Folk Art for Alzheimer’s Patients

The American Folk-Art Museum hosts a series of Zoom sessions for seniors and their caregivers

| 09 Jul 2020 | 04:46

At 305 West End Residence and various other senior care facilities in the city, where visitors have been prohibited due to the pandemic, the residents have continued to engage in the enrichment of an art museum.

The American Folk-Art Museum on the Upper West Side hosts the Folk-Art Reflections series, which is designed for seniors with Alzheimer’s or other forms of cognitive impairment. Since museums and recreational programs for seniors were closed at the start of quarantine, Elizabeth Gronke, the access educator for AFAM, has taken the program to Zoom.

In each Zoom session, which is also available on YouTube, Gronke walks through different pieces of art with the viewers, speaking slowly and giving generous pauses for the audience members to digest the information and ask questions.

“It’s not like what you think of when you go to a museum and you have a guided tour, where the they’re just sort of spouting off facts about the artist,” Gronke said. “In our program, the facts and the information, the background information about the art, comes up only if it’s relevant or resonant with something that someone’s noticing.”

For seniors in nursing homes, the pandemic has made what is already a difficult situation even more isolating. Gronke points out that because Alzheimer’s patients struggle with their sense of time, the lockdown and lack of visitors — or even visitors via Zoom or FaceTime — can be hard for them to comprehend.

While memories and other cognitive abilities are affected greatly by Alzheimer’s, the ability to comprehend art is not greatly affected by the disease. In one of the videos, Gronke talked her audience through a series called “New York City People and Places.” She asked the viewers to guess what parts of New York certain pieces of artwork were based on.

“One of those places is Coney Island, and people usually have some memories of going to Coney Island that they can share,” Gronke said. “Another piece of art is [the] Roseland Ballroom, and sometimes people remember going to Roseland and dancing there, because it was an operation from the twenties through the eighties.” She asked them to recall their favorite spot in New York, and for a moment out of their day, they are taken back through their memories in New York City.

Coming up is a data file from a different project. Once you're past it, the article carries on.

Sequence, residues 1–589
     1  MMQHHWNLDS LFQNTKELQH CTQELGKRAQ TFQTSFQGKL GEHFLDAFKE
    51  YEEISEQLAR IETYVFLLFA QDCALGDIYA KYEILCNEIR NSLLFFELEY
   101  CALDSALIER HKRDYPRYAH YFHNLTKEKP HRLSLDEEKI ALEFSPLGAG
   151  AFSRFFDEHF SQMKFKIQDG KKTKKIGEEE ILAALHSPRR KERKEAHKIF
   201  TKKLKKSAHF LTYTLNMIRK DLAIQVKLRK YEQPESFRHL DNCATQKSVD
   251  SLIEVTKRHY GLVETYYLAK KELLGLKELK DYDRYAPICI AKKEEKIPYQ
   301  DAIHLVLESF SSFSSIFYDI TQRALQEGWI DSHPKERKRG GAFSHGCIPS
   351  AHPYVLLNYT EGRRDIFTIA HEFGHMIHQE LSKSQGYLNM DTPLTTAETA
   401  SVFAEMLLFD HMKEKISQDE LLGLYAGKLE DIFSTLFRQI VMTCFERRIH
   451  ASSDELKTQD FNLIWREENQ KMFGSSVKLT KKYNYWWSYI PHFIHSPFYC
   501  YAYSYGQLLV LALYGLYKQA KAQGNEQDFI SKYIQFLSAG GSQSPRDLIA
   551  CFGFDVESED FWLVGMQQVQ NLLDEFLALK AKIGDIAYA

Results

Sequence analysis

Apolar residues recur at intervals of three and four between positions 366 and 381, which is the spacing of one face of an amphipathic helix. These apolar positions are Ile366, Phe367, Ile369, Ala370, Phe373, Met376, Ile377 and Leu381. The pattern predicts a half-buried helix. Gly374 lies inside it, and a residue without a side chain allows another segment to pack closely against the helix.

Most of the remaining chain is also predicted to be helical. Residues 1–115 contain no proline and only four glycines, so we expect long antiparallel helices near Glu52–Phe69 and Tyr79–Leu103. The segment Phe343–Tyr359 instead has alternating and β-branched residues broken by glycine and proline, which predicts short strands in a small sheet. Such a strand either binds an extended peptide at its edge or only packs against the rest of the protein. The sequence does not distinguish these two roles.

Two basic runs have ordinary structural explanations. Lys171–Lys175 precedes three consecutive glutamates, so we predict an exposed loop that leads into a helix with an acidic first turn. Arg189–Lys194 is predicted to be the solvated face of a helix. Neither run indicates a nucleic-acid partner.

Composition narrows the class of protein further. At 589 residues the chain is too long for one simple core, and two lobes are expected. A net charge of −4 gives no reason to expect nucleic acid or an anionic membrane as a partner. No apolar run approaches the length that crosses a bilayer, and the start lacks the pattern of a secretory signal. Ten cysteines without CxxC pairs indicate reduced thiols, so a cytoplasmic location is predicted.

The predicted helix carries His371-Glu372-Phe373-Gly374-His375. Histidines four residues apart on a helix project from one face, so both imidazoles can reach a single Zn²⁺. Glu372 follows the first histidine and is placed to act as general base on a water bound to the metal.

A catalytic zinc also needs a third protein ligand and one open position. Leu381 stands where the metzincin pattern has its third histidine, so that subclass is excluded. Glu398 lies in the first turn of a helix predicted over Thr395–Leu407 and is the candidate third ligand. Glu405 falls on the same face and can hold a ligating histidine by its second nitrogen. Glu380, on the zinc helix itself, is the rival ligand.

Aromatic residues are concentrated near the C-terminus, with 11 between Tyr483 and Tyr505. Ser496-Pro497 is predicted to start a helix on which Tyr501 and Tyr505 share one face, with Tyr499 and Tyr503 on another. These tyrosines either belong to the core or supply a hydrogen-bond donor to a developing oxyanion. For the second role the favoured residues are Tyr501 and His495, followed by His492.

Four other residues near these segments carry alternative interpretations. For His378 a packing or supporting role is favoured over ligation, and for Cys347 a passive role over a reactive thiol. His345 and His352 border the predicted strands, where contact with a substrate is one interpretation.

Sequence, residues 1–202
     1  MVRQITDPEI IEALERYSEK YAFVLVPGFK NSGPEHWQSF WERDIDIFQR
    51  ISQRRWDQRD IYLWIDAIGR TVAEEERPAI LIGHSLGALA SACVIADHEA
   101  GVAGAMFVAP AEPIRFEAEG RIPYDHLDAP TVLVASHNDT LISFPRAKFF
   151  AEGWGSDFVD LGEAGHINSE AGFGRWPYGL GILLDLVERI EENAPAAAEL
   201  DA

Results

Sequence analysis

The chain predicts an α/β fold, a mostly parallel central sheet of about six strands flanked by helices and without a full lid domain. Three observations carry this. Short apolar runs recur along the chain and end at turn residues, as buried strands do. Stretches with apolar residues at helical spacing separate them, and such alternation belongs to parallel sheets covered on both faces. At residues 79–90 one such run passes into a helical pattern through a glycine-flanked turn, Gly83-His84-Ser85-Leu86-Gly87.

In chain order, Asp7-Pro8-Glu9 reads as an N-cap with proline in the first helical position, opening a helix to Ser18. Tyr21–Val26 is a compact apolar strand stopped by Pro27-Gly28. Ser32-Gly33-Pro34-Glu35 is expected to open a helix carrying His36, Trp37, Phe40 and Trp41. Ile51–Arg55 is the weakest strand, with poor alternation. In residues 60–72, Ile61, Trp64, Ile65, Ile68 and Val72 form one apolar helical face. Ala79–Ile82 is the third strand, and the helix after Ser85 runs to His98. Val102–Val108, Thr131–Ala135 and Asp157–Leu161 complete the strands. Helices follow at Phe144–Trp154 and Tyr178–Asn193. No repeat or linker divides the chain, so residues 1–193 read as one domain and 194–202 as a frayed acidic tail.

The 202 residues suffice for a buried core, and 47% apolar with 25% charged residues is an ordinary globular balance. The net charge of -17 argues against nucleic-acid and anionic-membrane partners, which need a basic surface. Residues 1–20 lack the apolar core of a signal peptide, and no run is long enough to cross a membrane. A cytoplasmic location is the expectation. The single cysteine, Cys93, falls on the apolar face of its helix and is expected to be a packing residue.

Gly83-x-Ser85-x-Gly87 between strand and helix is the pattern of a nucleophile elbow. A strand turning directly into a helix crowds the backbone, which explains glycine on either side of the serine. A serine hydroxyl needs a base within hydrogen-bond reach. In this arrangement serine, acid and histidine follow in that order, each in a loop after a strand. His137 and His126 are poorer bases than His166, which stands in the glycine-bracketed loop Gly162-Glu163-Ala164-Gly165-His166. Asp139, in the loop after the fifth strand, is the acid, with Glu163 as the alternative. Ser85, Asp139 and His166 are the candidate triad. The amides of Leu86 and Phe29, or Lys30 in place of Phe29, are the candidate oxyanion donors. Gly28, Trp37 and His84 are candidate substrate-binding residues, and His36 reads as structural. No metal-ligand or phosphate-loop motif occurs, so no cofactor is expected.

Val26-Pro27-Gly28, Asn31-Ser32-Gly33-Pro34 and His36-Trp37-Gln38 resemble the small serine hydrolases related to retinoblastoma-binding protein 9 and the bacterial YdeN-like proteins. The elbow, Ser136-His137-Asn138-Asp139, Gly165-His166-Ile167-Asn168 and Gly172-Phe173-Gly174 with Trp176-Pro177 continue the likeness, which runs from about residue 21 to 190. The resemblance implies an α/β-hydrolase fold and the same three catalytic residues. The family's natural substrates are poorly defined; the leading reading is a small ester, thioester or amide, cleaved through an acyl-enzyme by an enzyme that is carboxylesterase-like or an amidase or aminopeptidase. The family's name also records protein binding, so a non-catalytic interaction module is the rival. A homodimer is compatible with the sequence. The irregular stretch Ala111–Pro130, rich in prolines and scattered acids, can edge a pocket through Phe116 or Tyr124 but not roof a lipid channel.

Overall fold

“Nobody doesn’t know what to say,” she said. “Everybody has a favorite spot.”

“Intangibles Really Do Remain”

Gronke has an extensive background working with people with dementia, having been a caregiver for a woman with Alzheimer’s, working in day-care centers for people with dementia, and with a degree in art therapy. To help put herself in the shoes of someone who deals with Alzheimer’s, Gronke thinks back to college.

“What I do to understand what it might be like, is to think about professors that I had a long, long time ago,” she said. “Do I remember all the contents of their class? No. But do I remember whether or not that professor made me feel like I had something valuable to contribute? Did they stimulate me? All those, all those intangibles really do remain. I found that to be true working with people with dementia.”

The videos Gronke produces aren’t just for the seniors.

“It’s given caregivers a different kind of respite from their caregiving, because they’re getting to enjoy the program together with their loved ones without that hierarchy of, ‘I know something you don’t,’ or, ‘I’m having to help you with this,’” she explained. “It’s just like, ‘What do you think about this? Do you enjoy this? What does it bring up for you?’”

The NYC-based Fisher Center for Alzheimer’s Research Foundation determined that in a museum outing, “Seeing a loved one with dementia light up about a painting or piece of sculpture can help them to once again catch a glimpse of the person they once knew more fully.”

“I think it’s more about connecting to some of the deeper parts of oneself through artwork, through communication, through sharing opinions, even,” Gronke said. “Just sort of starting to look at an artwork and asking yourself, ‘What does this make me feel? What does it make me think of? Do I like it? Do I hate it?’” Gronke laughs as she thinks of the discussions she’s had with her viewers about why they hated a piece of artwork.

“They may not remember that they had an art program,” she said. “But they might keep with them that feeling that they were in a situation where someone valued their opinion and they were stimulated in a way that was validating of who they are.”

“Seeing a loved one with dementia light up about a painting or piece of sculpture can help them to once again catch a glimpse of the person they once knew more fully.” From the Fisher Center for Alzheimer’s